The second lead 20 is a conventional superior vena cava defibrillation lead of the type currently marketed by Medtronic, Inc. The lead is shown with its cardioversion/defibrillation electrode 26 located in the superior vena cava.
The third lead 22 is a conventional bipolar cardiac pacing lead here illustrated as a screw-in type lead having a helical electrode 30 which may be embedded in the endocardial tissue of the right ventricle and a ring electrode 28. Pacing of ventricular signals and delivery of ventricular cardiac pacing pulses is accomplished using electrodes 28 and 30. In alternate embodiments, a pacing/sensing electrode or electrodes could be added to lead 24 proximal or distal to the cardioversion/defibrillation electrode 32, allowing for lead 22 to be eliminated.
The inventors have determined that placing the lead system according to this method, and in particular placing the lead 20 such that a portion of the defibrillation electrode resides in the middle cardiac vein and preferably also extending around the cardiac apex, provides for improved current distribution. The lead system as so employed therefore also provides an opportunity for reduced defibrillation energy thresholds as compared to delivery of defibrillation pulses between a corresponding superior vena cava electrode and a right ventricular defibrillation electrode.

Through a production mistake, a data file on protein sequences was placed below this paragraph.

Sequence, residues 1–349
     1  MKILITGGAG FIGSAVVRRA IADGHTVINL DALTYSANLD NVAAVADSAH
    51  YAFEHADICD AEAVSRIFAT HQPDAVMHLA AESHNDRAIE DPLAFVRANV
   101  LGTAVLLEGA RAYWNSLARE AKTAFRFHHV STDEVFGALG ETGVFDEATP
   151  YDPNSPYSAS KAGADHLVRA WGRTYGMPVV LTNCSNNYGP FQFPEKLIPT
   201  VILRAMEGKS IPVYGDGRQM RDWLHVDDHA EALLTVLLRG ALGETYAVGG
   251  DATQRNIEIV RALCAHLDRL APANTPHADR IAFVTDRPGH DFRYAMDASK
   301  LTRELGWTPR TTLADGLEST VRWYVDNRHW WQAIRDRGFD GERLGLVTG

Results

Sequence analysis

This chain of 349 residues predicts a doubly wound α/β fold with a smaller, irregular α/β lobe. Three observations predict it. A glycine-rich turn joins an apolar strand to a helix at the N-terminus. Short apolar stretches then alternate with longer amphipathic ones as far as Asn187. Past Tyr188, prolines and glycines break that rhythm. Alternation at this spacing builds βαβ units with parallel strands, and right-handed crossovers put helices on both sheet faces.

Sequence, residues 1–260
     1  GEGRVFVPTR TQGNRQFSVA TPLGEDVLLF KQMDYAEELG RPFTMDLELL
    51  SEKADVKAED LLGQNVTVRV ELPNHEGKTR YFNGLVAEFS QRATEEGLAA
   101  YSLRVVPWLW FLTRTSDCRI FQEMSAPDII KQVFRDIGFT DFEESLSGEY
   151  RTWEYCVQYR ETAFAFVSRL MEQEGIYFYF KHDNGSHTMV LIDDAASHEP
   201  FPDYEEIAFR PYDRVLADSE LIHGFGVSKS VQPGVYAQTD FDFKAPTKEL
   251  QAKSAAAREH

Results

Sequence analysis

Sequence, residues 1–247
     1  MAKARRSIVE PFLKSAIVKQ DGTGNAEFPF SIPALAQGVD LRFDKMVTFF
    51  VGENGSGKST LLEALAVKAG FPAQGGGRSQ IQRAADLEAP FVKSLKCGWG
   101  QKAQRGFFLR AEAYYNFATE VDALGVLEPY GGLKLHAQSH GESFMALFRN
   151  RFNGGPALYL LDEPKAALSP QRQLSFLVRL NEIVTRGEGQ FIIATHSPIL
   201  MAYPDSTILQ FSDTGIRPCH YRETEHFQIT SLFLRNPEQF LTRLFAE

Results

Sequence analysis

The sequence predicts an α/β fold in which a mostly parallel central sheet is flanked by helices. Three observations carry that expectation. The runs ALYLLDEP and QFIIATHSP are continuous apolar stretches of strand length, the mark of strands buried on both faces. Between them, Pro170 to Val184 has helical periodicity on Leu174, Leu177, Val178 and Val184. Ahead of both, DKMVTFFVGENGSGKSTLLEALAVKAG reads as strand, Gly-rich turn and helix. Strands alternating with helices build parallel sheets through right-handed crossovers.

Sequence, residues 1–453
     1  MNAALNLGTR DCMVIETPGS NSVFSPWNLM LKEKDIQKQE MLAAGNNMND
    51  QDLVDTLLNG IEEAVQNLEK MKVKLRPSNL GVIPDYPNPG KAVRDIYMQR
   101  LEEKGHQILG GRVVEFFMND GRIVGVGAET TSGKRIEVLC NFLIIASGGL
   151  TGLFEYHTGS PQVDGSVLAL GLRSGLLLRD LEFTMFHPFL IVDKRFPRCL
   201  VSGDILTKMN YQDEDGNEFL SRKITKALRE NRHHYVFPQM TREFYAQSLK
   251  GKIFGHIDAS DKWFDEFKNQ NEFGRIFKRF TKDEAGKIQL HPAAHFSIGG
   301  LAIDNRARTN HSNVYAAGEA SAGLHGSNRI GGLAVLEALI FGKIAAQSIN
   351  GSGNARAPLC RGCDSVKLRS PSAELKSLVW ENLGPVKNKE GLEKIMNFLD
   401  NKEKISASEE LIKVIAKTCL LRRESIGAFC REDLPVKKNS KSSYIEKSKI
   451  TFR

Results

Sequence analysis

FIG. 2 illustrates the same system as FIG. 1, with the leads located in an alternate configuration. All identically numbered components correspond to those in FIG. 1. In this case, the lead 22 is placed by first passing the guidewire into the coronary sinus and through the middle cardiac vein to the apex of the heart, thereafter advancing the guidewire toward the base of the heart through the great cardiac vein. The lead 22 is thereafter slid over the guidewire and advanced to its desired location and the guidewire is thereafter removed.